The Official Blog of Cogmap, the Org Chart Wiki


Archive for March, 2008


Details on some of our new Cogfeatures

Tuesday, March 4th, 2008

Besides amazing APIs and private maps, what did we do?

In case you were wondering:

  • A new homepage
  • Country, State, NAICS code and Alphabetical listings of all of the maps
  • Double-clicking a person zooms in on that person and exposes editing tools
  • Coglinks! (An example is here)
  • Dozens of bugs fixed
  • Comments! Here is a little about how comments work:
    • Simple, unthreaded comments associated with each chart
    • Comments show up right away but are queued for moderation
    • Upon moderation, accepted comments are sent to map subscribers
  • How do Private Charts work?
    • When you create a private chart, you are added to the access control list. You cannot be removed from accessing this chart.
    • You add email addresses to your access control list. When you add someone, they are sent an email. The chart shows up in their “My Cogmap”. If they sign up using another email address, they cannot access the chart.
    • Anyone who has access to a chart can add or delete people’s access to a chart.
    • If someone goes to a chart that they don’t have access to, they can have an automated email sent to the chart owner requesting to be added to the Access Control List.
  • Related charts was built using Vogoo’s Slope One open source implementation
  • Improved login code pretty substantially.
  • Sped up adding people to maps significantly (so cool and fast, we are actually highlighting it, which is weird)
  • Livesearch works
  • RSS feed more explicitly exposed to audience (via icon on chart page)
  • Dozens of minor bug fixes and usability improvements

Cogmap APIs

Tuesday, March 4th, 2008

UPDATE: Significant changes have taken place. Here is the latest:

This is a unified post to point to all of our APIs. Each title links to more comprehensive documentation.

XOXO Organization Charts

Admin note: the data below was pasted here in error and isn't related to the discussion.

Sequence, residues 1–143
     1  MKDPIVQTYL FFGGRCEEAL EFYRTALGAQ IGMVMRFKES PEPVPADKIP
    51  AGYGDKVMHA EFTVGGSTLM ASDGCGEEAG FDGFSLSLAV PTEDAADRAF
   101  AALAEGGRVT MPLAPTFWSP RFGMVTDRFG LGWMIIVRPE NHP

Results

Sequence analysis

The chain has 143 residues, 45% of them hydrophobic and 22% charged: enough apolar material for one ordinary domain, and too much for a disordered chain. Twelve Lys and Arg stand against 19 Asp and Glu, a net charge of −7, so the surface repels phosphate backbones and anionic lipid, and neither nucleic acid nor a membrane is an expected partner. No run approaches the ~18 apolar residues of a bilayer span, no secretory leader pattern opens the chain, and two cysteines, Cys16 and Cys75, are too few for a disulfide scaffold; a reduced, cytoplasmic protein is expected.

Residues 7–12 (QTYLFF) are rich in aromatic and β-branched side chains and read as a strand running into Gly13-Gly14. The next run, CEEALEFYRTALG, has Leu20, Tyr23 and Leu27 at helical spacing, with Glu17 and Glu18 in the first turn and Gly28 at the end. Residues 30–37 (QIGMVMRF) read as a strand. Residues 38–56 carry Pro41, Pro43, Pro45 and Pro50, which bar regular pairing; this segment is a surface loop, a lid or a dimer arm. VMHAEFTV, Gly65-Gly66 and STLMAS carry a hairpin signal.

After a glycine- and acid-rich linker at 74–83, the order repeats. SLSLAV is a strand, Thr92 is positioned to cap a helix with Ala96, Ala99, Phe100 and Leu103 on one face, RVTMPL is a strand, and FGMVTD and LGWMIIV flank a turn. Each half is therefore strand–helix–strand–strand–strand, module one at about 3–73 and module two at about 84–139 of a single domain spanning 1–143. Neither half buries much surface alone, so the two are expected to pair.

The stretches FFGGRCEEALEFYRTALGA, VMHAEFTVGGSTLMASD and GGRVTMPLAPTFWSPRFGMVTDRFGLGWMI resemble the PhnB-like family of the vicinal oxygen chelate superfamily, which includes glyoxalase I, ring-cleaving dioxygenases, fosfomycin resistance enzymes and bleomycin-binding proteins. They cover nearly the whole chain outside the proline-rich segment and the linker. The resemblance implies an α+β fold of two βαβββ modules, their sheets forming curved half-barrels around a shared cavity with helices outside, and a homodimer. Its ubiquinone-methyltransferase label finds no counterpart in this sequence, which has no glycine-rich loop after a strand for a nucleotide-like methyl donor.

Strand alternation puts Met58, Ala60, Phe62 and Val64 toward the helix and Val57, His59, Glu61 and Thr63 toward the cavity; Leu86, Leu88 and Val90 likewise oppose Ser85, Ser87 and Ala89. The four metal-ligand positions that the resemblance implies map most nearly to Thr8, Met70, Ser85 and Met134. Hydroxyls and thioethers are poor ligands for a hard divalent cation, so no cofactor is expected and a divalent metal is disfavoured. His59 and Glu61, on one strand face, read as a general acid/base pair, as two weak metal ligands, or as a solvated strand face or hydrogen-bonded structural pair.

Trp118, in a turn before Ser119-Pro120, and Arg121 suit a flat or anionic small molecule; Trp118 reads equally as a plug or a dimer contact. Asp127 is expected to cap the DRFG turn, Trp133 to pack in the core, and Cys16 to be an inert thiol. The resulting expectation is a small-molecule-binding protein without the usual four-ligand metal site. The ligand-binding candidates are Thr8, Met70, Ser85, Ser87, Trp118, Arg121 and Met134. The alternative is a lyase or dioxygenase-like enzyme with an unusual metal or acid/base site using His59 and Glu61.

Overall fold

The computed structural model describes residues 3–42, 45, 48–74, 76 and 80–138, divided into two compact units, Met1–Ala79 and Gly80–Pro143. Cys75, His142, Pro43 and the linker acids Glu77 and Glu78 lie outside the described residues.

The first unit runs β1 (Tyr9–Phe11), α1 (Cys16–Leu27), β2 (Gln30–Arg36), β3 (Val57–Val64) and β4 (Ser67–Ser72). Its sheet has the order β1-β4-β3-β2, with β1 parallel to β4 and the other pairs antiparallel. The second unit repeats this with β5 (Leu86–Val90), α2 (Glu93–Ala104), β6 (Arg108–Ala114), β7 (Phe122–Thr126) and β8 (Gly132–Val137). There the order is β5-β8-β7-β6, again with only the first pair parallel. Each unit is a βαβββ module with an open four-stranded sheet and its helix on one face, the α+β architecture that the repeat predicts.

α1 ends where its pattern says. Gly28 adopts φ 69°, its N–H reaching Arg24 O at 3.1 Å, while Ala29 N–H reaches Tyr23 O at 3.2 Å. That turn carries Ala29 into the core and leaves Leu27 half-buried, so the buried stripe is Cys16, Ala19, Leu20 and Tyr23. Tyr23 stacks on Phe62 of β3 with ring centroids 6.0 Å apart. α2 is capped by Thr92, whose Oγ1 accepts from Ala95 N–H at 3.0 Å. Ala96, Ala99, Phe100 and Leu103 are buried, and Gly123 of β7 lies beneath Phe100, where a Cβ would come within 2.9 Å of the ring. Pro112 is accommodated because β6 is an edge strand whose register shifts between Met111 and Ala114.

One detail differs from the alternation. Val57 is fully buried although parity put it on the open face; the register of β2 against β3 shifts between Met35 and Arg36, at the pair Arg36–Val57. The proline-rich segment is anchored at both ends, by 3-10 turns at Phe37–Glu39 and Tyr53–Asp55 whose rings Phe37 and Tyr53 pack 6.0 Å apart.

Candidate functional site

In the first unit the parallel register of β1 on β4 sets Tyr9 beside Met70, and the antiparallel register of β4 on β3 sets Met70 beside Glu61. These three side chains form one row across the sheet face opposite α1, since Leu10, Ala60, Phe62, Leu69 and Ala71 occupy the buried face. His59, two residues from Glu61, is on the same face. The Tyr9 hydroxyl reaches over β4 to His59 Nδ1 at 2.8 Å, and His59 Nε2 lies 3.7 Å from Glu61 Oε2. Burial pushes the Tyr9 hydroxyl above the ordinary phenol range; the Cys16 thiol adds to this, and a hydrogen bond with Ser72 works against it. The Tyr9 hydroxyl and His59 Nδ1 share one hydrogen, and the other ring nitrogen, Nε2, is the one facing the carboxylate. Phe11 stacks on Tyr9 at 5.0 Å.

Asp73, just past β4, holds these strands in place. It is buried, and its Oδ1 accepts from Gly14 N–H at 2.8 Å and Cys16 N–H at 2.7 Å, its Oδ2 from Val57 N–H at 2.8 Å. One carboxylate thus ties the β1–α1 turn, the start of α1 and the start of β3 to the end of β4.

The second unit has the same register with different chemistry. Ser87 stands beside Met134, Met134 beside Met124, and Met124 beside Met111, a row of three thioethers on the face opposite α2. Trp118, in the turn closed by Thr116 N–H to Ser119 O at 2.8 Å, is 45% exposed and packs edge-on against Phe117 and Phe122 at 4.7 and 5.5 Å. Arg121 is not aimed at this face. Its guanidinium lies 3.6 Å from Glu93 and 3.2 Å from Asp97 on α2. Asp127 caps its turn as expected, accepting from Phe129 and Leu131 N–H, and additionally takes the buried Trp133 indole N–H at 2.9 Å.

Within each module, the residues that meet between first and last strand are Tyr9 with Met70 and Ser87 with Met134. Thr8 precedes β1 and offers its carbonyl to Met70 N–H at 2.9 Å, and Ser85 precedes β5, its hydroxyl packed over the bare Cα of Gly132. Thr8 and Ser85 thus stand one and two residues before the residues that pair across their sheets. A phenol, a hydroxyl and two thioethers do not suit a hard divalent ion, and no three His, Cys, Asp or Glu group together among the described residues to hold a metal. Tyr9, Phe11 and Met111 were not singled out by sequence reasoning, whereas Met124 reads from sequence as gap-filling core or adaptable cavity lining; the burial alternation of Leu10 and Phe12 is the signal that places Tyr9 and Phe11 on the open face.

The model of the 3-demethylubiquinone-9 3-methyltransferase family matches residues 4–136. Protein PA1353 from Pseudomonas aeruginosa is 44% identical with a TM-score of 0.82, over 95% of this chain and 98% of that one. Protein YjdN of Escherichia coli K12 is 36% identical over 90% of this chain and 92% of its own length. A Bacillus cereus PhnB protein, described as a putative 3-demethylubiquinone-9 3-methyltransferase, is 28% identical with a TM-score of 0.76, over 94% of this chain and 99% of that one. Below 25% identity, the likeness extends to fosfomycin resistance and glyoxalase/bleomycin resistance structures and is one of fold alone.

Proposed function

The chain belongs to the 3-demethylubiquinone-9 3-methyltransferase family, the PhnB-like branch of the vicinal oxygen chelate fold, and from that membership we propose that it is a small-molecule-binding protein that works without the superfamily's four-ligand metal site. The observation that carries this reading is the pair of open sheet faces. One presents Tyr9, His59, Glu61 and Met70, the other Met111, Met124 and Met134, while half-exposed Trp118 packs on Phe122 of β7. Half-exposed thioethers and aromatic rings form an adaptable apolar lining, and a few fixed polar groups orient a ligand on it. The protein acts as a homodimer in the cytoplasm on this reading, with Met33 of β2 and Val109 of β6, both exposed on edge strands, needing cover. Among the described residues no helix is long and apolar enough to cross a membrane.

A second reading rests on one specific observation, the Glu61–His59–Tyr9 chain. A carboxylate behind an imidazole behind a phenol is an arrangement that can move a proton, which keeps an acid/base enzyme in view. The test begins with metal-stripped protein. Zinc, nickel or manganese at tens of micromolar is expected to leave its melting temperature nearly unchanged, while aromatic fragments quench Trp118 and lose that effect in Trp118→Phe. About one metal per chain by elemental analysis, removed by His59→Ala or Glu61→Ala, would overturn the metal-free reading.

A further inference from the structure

Every Cogmap org chart is available as an XOXO document.

Organization Chart Data is accessible as an XOXO document by calling a URL formatted as<CHART ID>

xoxo.php returns a nested set of unordered lists that describes the organization. Each listed item also contains several pieces of metadata associated with the list:

  • personID: the ID in Cogmap’s database
  • FirstName: Person’s first name
  • LastName: Person’s last name
  • TitleValue: Person’s title
  • The title of the document is the chart’s name.

Name-based APIs

  1.<Name of Company> will return either the map of that page or a page to create a new chart.
  2.<Name of Company> will return either the XOXO XML document of the organization structure of that company or a 404 error.
  3.<Name of Company> will return the unique identifier of the chart ID for that company or a 404 error.

hCards & vCards

  1. Every profile page is actually an hCard. Munch it, crunch it, consume it.
  2. You can download vCards easy too.<ID of Profile>

Newsfeed API

  1. Consume your newsfeed!<your screen name> returns an XOXO XML document of your newsfeed. This makes it easy to turn your newsfeed into something consumed by other applications. Here is my newsfeed as an example.

Don’t forget: RSS feeds on map pages & the escape key!

Tuesday, March 4th, 2008

Crazy features you may not have tried but should! Go to a chart page and hit the escape key. That is AJAX madness!

Have you subscribed to maps in your RSS reader? You should! Every map has its own RSS feed.

IAC capitalizes marketing expenses – Lollerz!

Tuesday, March 4th, 2008

Agree completely with Junior Hines (I wish I knew where he worked/what he does).  He points to PaidContent’s discovery that IAC is capitalizing customer acquisition costs.

Frankly, I don’t even like to capitalize IT costs.  The whole process of making future numbers harder to hit makes me nervous.

Capitalizing marketing expenses basically ensures that the company is doomed at an indeterminate point in the future.

Is there a fiduciary responsibility to manage numbers and connive to prop up the stock price?  I would argue that this action has done the company a disservice strategically.

What’s worse is there is never a way to undo this.  Any restatement would crush the stock.

I was trying to think of an analogy that would shed more light for someone on how ridiculous this is.  I started by thinking, “Can a company capitalize its sales people over the life of the customer?  Like if a company had a sales person who sold a long-term deal, can they capitalize the salary of that sales person over a ten year period?  So only recognize 1/10th of the salary of the sales person as an expense this year?”  But that sounded so patently ludicrous, I thought it was a bad example.  But then I thought, “Wait, that actually is what they are doing!”

Here is a funny question: Did increase its CPA payout after the accounting change?